The question that inevitably comes up when discussing shifting skillsets for a digital future is, how does one prepare for what can’t be anticipated? It’s a question Finance Minister Tito Mboweni raised at the World Economic Forum on Africa in early September, and one that technology companies leading the way through the 4th Industrial Revolution (4IR) need to consider.
“As leaders in the industry, it’s our role to understand the coming change and model it for our staff and our channel,” says Adel Goussard, an Organisational Effectiveness Specialist who heads up training within Tarsus Distribution. “We have to take the fear out of change. If you’re scared, you can’t learn. So, for us it’s about creating a safe environment to embrace the coming change.”
Gary Pickford, CEO of Tarsus Distribution, agrees. “Corporates have an obligation to take employees away from a defeatist attitude to one of cautious optimism where curiosity and the will and desire to learn is there.”
An aggregator of knowledge
One of the anticipated changes that will affect skillsets within the channel is the shifting way technology is sold and consumed. “Previously, so much IP lived inside the box, everyone was excited about the technology itself,” says Pickford, “Now, we’re seeing a shift from a transactional relationship of just selling devices to a managed services space, where the reseller becomes a high-level trusted advisor to the mid-market corporate.”
In order to assist not only staff but the channel as a whole with this and other 4IR changes, Tarsus Distribution is relaunching the Tarsus Academy. This will provide resellers with the opportunity to learn about topics like Robotic Process Automation, Business Process Automation, and Business Intelligence.
“Over the years, Distribution has always played the role of aggregator,” says Pickford, “Now, instead of aggregating credit, we have the opportunity to aggregate knowledge and skills.”
Cultivating a culture of learning
In an economy with an unemployment rate of 29%, one of the greatest concerns is how digitisation will affect jobs. According to Goussard, a crucial tool to combat this fear is to create a culture of learning within a company. “At Tarsus Distribution, we anticipate how global trends will affect South Africa. So we launched LinkedIn Learning, which gives our staff access to thousands of courses, from learning about products to soft skills like budgeting and leadership.”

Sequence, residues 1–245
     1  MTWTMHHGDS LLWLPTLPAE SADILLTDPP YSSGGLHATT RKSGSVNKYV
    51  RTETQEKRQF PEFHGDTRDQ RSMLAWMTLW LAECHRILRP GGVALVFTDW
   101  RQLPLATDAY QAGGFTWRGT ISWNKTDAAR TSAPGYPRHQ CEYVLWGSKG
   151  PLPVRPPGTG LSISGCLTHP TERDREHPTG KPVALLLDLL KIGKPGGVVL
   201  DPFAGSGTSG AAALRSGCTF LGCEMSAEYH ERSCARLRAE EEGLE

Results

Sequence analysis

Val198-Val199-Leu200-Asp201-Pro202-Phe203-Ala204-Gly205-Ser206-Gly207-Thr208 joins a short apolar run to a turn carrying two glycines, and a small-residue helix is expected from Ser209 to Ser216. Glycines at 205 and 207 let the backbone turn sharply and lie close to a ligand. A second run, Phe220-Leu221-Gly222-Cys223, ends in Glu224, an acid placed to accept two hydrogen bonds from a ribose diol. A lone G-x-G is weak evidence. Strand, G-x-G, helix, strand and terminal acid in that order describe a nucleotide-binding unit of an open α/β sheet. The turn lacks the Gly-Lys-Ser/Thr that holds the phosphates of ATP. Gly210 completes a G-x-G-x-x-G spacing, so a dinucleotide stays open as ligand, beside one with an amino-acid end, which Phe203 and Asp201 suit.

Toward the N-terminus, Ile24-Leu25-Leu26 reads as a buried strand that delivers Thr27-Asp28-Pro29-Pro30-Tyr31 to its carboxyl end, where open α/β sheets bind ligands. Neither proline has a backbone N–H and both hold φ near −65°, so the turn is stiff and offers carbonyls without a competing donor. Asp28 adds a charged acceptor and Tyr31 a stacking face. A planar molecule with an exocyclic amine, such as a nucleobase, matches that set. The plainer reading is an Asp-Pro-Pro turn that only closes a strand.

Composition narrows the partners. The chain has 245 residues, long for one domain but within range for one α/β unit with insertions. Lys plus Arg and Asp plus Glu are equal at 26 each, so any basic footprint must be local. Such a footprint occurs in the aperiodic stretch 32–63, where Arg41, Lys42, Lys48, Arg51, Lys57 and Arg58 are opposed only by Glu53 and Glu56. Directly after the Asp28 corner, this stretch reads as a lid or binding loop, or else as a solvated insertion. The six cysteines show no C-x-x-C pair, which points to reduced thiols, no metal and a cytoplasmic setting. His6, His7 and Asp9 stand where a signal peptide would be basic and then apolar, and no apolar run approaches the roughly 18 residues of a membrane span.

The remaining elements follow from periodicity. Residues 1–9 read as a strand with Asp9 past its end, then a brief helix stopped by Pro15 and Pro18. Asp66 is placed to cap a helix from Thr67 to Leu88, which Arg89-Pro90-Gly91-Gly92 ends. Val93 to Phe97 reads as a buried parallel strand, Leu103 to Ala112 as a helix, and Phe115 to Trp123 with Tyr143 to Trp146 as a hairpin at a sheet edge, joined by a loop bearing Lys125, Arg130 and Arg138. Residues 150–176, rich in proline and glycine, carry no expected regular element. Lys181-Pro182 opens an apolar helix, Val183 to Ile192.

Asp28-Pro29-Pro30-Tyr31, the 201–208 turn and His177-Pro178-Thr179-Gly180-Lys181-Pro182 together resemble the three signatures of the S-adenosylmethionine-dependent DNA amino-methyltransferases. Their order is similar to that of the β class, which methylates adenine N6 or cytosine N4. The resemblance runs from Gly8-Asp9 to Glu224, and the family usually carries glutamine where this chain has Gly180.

Goussard believes that removing fear of failure and encouraging learning will allow not only staff, but the channel as a whole, to create and utilise the opportunities presented by 4IR. “We’re focusing on equipping people with capabilities and a learning mindset, rather than just a set of skills that may be redundant in the future,” she adds.
According to Pickford, this approach across both the channel and the business has created a cultural shift within the workforce. “We’ve seen an increase in contribution to our workshops from young, dynamic people who’ve participated in these learning opportunities,” he says. “They feel able to contribute in a more meaningful way because LinkedIn Learning has opened their minds to the outside world.”
Less fear, more preparation
While many may be concerned about how digital transformation will affect their current positions, Goussard says there should be less fear, and more preparation around the possibilities presented.
“We’re excited about the jobs that will be available that weren’t available yesterday. It’s an opportunity to take someone and develop them in different areas so that they will be prepared for the future, whatever that might be,” says Goussard.
Clearly, encouraging learning within an organisation and across mediums is a critical means to ensure skills transfer and development in the 4IR.
“We need to prepare people by creating an environment where questions are encouraged, where failure is not punished, where innovation can come from the lowest ranks of an organisation and where ideas and innovation are encouraged and rewarded,” concludes Pickford.